Oil pulling involves swishing an oil (often virgin coconut oil or edible oil of your preference) in your mouth for several minutes to discourage plaque buildup. Note that this is not recommended by the American Dental Association (ADA) and there is limited evidence that it works. A small study has shown that it may be better than a placebo when it comes to oral health, but the evidence is by no means substantive.

What you will need:

  • 1 teaspoon coconut oil (or edible oil of your choice)

How to do it:

  • Take the oil in your mouth and swish it around.
  • Try to do this for 15-20 minutes. This may be difficult in the beginning. But don't worry. Start with as much time as you are comfortable, and increase the duration over the next few days and weeks.

Applying ice to an inflamed area is always soothing. The ice also contracts blood vessels and reduces bleeding. If bleeding doesn’t stop after several minutes, go to the dentist.

Crunchy vegetables like carrots and celery may be useful because of the crunching movement they generate. This may dislodge trapped food items and bacteria and be beneficial to oral health. Plus, the saliva you generate will be beneficial as well.

This remedy is to prevent bleeding gums, rather than treat them.

A vitamin K deficiency can cause bleeding gums. Green leafy vegetables contain a high amount of various vitamins and minerals that contribute to your overall health, so you should include them as a part of your balanced diet.

Add cabbage, Brussels sprouts, kale and spinach to your diet. If you eat eggs, fish and meat, then these are great sources of vitamin K, too.

Bleeding gums could be a sign of vitamin C deficiency. While scurvy (extreme vitamin C deficiency) is rare now, research has shown that a deficiency of vitamin C can also speed-up the progression of periodontal disease.

Eating a balanced diet with five servings of fruits and vegetables each day can help to avoid nutritional deficiencies. Some of the yummiest sources of vitamin C like mangoes, pineapples and kiwi fruit are also high in sugar; make sure you rinse your mouth after eating them.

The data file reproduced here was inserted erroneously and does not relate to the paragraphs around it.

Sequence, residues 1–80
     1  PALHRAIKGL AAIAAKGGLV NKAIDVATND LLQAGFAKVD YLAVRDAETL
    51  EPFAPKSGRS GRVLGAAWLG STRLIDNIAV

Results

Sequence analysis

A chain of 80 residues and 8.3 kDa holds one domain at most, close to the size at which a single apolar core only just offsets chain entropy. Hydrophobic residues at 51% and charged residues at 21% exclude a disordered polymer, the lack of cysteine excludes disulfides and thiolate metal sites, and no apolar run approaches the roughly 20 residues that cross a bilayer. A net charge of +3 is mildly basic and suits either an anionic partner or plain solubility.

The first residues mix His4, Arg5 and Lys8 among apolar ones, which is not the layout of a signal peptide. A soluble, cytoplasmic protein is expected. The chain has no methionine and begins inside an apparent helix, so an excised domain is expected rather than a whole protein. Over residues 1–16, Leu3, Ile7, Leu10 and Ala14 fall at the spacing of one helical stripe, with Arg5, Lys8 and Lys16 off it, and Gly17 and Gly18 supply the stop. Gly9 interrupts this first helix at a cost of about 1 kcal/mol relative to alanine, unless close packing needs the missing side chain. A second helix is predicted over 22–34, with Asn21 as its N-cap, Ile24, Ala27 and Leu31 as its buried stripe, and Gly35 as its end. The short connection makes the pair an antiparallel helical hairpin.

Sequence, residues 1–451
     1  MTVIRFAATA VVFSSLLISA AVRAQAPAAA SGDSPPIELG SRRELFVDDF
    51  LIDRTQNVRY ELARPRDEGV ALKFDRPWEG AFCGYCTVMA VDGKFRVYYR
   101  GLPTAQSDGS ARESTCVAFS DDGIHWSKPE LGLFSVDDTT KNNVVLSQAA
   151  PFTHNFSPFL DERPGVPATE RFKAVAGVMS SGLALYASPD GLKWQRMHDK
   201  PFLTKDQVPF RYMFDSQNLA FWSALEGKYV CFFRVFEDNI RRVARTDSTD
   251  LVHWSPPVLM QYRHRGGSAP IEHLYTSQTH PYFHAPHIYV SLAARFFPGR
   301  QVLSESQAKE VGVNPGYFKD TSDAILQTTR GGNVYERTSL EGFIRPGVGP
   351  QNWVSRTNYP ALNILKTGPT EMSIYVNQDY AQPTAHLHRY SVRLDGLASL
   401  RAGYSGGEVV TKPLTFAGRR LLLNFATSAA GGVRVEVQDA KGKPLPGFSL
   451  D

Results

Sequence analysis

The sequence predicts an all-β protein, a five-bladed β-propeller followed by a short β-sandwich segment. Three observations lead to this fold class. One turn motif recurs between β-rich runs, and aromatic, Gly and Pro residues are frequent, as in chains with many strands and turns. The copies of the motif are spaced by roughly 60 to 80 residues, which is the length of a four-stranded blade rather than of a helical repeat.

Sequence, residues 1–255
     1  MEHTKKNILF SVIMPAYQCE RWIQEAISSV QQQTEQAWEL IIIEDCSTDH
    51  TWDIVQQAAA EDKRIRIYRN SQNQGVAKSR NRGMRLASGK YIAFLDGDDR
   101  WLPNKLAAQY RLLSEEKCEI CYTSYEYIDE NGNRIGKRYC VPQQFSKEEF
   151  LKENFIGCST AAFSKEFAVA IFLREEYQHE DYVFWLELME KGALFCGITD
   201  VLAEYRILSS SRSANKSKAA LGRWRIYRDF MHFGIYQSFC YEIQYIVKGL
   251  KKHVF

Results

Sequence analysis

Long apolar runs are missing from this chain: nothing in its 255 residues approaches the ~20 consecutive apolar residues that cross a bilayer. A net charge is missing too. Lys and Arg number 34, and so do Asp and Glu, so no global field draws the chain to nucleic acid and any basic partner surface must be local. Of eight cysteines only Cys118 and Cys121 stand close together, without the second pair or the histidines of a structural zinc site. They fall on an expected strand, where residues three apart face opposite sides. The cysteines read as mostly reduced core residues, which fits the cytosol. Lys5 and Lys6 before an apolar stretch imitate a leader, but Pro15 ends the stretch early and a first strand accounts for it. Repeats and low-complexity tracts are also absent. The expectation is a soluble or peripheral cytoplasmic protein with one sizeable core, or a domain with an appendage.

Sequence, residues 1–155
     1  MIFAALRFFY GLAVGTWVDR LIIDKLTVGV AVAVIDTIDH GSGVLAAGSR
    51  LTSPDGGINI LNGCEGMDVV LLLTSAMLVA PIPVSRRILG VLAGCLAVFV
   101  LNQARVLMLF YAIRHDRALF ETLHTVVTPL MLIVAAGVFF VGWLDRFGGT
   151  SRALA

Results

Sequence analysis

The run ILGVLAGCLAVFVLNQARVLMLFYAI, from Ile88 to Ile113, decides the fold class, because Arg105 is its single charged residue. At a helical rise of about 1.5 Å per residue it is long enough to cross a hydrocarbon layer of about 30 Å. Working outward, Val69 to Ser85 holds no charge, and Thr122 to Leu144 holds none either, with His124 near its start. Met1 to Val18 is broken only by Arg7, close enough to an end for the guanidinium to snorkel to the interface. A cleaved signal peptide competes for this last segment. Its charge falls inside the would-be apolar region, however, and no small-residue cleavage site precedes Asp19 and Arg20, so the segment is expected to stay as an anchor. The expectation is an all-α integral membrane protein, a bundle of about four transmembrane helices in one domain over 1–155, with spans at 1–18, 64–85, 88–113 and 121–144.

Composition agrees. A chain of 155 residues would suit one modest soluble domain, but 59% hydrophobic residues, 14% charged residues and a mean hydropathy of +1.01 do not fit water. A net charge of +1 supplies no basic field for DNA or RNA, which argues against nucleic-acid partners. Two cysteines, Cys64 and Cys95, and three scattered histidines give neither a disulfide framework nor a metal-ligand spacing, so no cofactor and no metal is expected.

While they taste great, food with excess sugar can increase plaque formation since sugar will attract bacteria. Make sure you rinse your mouth thoroughly after consuming sweets and never go to bed without brushing. When you sleep, saliva production is drastically reduced making it easier for bacteria to attack. Brushing before helps tide you over that period.

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References

  1. Thie NM, et al. The significance of saliva during sleep and the relevance of oromotor movements.. Sleep Med Rev. 2002 Jun;6(3):213-27. PMID: 12531122.
  2. Molan PC, et al. The effects of manuka honey on plaque and gingivitis: a pilot study.. J Int Acad Periodontol. 2004 Apr;6(2):63-7. PMID: 15125017
  3. Padma Reddy Madupu, et al. Comparative Evaluation of Antiplaque Efficacy of Coconut Oil Pulling and a Placebo, Among Dental College Students: A Randomized Controlled Trial. J Clin Diagn Res. 2017 Sep; 11(9): ZC08–ZC11. PMID: 29207824
  4. Nath S, et al. Effects of curcumin on crevicular levels of IL-1β and CCL28 in experimental gingivitis.. Aust Dent J. 2015 Sep;60(3):317-27. PMID: 26219195.
  5. Medical News Today [Internet]. Healthline Media UK Ltd; How to stop gums from bleeding